A car bomb exploded on a street in Christian east Beirut today, killing at least three persons, and witnesses said four members of a French television crew were kidnaped as the underground Islamic Jihad threatened to kill a French diplomat seized here a year ago.
The blast shattered glass and gutted storefronts in the Jetawi quarter but caused no damage to a Phalangist Party office that apparently was the target.
Officials at the Greek Orthodox hospital said they had received three dead and about 40 wounded from the explosion. Local radio stations said five persons had been killed.
No one took responsibility for the bombing, which observers said appeared to be a continuation of conflicts between Christian groups over a controversial, stalled peace pact brokered by Syria.
The witnesses said the four Frenchmen, with France's Antenne 2 television station, were seized by gunmen in west Beirut. No group asserted responsibility.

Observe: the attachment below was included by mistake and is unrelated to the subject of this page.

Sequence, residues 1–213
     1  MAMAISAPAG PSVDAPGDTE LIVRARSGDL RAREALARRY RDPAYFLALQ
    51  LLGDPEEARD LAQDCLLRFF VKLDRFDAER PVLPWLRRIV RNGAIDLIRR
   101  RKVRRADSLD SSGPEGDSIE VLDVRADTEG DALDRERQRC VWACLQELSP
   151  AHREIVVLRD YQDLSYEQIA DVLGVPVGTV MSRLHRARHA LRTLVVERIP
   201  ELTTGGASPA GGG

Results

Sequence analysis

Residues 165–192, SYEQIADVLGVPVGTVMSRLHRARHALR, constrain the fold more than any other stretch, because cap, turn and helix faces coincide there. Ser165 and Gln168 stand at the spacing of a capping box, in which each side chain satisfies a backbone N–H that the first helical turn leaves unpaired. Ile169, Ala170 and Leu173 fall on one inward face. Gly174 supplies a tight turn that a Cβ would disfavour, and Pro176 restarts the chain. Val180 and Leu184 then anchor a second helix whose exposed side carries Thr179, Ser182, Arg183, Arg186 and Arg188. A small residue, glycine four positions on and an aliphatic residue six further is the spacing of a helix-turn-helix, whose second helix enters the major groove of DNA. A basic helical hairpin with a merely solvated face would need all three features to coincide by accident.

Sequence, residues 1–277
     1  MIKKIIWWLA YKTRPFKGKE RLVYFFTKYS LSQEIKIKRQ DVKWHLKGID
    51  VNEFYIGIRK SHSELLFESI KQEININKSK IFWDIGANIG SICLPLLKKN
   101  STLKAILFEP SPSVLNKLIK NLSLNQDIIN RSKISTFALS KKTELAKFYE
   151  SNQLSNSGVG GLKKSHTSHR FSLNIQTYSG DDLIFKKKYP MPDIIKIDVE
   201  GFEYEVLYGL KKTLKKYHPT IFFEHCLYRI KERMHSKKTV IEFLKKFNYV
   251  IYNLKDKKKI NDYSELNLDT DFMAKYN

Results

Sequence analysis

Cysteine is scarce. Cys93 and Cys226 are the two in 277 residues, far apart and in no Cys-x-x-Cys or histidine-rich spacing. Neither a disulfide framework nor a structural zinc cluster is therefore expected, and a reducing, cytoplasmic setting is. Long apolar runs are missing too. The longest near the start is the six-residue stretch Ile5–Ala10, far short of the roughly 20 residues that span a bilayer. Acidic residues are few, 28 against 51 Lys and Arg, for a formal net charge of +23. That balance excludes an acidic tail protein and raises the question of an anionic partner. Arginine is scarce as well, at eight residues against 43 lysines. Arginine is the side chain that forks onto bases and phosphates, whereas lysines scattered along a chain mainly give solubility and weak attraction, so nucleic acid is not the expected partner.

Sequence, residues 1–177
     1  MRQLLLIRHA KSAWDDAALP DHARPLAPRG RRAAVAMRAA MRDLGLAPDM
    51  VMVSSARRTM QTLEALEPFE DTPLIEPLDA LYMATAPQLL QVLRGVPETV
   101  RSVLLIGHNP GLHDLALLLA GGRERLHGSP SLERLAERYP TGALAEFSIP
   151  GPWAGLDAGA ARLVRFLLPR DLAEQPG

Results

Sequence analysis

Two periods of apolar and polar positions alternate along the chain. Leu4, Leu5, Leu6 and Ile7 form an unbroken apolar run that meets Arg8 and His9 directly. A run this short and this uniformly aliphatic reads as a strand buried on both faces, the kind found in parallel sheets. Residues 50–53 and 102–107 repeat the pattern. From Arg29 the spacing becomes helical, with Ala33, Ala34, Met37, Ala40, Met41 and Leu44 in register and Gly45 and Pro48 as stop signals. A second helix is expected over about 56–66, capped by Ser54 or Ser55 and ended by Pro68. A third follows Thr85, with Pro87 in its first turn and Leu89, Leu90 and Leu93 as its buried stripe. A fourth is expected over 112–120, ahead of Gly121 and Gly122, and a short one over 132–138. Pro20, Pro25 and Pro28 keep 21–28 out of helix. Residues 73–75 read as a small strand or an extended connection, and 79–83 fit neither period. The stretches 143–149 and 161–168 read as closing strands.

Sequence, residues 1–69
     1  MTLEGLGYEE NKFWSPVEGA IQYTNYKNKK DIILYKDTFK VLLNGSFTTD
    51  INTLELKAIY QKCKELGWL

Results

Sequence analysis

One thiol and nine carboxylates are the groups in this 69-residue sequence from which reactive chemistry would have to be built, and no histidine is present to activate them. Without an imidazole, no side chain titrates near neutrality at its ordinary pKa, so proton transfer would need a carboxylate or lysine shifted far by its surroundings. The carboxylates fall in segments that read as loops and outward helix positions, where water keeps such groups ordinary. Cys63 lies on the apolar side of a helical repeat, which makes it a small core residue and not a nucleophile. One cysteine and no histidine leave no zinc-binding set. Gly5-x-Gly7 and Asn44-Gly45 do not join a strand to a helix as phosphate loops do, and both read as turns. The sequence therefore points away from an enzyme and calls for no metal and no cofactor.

The bombing was the sixth in east Beirut this year. It coincided with a Vatican mission aimed at studying Christian grievances, a formula for coexistence with Lebanon's Moslems and possible mediation with Syria.
Earlier today, an anonymous caller claiming to represent the radical Islamic Jihad faction said his group was contemplating killing either Marcel Carton or Marcel Fontaine, two French diplomats seized in Moslem-controlled west Beirut last March 22.
The caller told two western news agencies that the life of one of the Frenchmen was endangered unless France met two new demands: return of two Iraqi opposition members deported to Baghdad after a series of bombings in Paris last month and assignment of Dr. Razah Raad as sole mediator in the dispute.
Raad, a Lebanese Shiite Moslem heart specialist, has been in contact with the kidnapers before and delivered letters from the French captives to their families last fall.
Three days ago Islamic Jihad sent a statement to news agencies saying it had killed French researcher Michel Seurat, kidnaped here last May. No body has been found, however.